No matter what commodity a mine will be producing it simply cannot get started without exploratory drilling having taken place. During the exploratory stage, a vast amount of information is gathered on the potential economic material. This data is then used to inform resource models that can make or break the success of downstream mining activities.
However, while typical exploration data—such as core and/or chip samples, downhole geophysics, structural data, lithology description, and groundwater yield—are important, there are additional data that should be considered for collection during this stage to maximise the investment in exploration.
Types of data
To make most of the available data, it is important to know what is potentially available. The options begin with the analysis of trace fossil descriptions/collection. Trace fossils, such as shells from gastropods, can provide an insight into the chemical makeup of the rock being drilled into. By collecting this data, users can more quickly identify formations and varying facies.
By capturing detailed facies descriptions, exploratory drillers will have a greater wealth of data that details changes in the depositional environment. This data will then provide more access to geologic indicators of potential ore locations.
Images of core or chip samples can be useful. While core/chip sample data is a typical data set for exploration with the data generally recorded in a spreadsheet, visual cues about the material can be overlooked. By including images, it is possible to expand the amount of recorded data by visually assessing the sample and catch additional, key information—such as whether or not the material has been oxidized.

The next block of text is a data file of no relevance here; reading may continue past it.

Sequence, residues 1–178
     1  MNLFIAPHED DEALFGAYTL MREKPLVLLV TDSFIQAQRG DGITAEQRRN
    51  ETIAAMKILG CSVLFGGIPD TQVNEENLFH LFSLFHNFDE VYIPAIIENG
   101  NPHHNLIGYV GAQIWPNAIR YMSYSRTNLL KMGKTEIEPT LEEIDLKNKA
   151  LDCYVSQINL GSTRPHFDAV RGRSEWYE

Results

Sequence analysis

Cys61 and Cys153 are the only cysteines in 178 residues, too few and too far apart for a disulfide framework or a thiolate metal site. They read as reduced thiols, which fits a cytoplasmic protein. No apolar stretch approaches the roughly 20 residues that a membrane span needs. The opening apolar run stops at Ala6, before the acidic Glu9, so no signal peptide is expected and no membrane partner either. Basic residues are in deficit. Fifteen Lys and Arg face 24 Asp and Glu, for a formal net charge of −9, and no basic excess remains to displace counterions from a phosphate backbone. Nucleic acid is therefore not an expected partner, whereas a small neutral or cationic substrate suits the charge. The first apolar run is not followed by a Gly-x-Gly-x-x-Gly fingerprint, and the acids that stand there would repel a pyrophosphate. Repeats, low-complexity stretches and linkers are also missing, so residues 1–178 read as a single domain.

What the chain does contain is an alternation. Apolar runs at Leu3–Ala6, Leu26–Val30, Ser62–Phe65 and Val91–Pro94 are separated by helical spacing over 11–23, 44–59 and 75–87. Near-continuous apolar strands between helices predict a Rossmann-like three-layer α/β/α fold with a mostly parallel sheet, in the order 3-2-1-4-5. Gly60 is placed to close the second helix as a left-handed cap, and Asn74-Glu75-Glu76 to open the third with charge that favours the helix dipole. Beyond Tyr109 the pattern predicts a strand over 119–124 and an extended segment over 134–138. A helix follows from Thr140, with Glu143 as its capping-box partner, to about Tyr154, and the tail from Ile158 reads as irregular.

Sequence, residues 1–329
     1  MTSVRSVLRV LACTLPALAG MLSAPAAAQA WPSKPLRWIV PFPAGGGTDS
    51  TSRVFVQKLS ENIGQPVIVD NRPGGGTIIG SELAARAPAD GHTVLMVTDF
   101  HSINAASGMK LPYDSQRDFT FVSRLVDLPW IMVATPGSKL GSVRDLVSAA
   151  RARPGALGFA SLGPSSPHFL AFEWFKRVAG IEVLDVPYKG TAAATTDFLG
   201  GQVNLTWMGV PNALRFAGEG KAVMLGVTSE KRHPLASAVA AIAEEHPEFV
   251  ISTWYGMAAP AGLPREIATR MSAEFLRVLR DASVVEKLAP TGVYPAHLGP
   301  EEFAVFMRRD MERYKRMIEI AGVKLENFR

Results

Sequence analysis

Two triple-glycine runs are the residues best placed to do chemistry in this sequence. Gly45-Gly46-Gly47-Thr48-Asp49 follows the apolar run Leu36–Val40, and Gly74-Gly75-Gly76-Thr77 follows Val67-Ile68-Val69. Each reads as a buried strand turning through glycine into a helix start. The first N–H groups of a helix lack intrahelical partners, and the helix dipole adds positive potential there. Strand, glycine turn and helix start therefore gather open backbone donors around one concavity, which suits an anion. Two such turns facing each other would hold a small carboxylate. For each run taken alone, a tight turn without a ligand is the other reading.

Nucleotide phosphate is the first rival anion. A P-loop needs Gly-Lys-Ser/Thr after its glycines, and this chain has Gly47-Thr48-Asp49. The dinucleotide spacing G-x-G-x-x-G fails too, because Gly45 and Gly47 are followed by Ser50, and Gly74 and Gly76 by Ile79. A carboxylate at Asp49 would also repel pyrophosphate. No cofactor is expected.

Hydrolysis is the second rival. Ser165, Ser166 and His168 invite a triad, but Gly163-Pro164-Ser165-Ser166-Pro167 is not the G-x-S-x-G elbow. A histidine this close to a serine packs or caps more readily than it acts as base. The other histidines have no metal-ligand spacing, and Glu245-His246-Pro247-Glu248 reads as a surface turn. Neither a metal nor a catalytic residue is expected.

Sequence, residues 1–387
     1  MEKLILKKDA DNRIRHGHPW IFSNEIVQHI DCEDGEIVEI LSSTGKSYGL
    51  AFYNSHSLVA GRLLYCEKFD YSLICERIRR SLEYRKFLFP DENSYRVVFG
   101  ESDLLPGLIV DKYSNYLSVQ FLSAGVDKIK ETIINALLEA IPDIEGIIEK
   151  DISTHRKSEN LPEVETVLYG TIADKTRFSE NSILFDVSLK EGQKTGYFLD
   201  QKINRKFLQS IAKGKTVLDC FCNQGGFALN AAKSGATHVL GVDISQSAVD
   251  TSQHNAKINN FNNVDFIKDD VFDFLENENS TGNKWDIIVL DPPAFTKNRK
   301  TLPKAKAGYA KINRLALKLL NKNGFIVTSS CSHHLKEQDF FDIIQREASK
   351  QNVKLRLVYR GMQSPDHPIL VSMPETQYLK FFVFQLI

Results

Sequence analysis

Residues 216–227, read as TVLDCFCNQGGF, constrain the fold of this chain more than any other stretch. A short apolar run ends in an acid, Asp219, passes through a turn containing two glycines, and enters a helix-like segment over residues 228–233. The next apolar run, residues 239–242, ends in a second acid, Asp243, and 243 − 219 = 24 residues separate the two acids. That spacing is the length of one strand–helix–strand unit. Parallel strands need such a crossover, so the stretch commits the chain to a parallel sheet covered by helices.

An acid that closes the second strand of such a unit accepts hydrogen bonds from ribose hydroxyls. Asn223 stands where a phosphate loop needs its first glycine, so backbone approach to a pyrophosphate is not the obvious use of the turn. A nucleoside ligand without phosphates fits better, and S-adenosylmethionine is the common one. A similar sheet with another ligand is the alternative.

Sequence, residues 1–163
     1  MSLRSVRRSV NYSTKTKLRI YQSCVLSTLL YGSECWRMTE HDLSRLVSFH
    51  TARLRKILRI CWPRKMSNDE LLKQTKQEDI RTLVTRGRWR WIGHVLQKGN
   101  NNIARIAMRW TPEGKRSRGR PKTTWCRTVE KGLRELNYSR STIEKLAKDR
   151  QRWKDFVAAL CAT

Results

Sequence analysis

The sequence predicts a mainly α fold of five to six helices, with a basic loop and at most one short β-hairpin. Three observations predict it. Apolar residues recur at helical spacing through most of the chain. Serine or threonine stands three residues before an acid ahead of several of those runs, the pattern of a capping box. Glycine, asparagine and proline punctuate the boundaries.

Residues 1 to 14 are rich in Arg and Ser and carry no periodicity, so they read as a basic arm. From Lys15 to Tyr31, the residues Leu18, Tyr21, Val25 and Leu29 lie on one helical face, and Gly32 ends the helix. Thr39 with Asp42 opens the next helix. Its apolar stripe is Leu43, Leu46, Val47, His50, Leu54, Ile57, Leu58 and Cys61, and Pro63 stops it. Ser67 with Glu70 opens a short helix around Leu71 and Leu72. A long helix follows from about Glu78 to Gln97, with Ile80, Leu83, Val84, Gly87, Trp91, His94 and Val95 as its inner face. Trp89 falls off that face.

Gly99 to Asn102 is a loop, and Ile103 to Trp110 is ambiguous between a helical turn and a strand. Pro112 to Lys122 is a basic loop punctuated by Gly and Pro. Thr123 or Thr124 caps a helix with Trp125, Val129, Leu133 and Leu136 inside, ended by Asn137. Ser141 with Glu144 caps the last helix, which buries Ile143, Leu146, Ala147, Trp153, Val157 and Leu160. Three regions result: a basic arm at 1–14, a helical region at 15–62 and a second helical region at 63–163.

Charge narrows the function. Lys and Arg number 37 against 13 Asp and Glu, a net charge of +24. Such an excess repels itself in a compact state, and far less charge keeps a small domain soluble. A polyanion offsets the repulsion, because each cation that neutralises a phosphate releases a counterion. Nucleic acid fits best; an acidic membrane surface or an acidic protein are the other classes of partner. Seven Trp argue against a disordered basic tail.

Completing sieve tests enables analysists to capture key data about grain size that can have hydrologic significance. With this data, they can also figure out how much of the material is being lost once it gets to the crusher or mill.
Geotechnical information, such as compressibility, bulk densities etc. are crucial to understanding slope stability
Geotechnical information, such as compressibility, bulk densities etc. are crucial to understanding slope stability and how the material will act if there is a failure. Capturing this data early allows mine owners to plan and prepare for the specific behaviour of the material being mined so that they are not caught off guard once the mine is in operation.
Miners should take time to get to know the mineral characteristics of the area being explored. By arming themselves with data around material characteristics, mine operators can prepare their sites for how the material will behave under varying scenarios. For example, if they encounter bentonite during exploration, they can prepare for its swell factor that could cause future instability.
They could also collect data that could be used in Young's Modulus and Poisson's Ratio. Once operational drill and blast procedures begin, they will know how the material will heave when it is shot—saving the mine both time and money during operations.
It is important to note that there is such a thing as "too much data". Do not get distracted by trying to collect everything. But, note an anomaly during exploration, it is worth the cost to go that extra mile now instead of trying to find funding later on.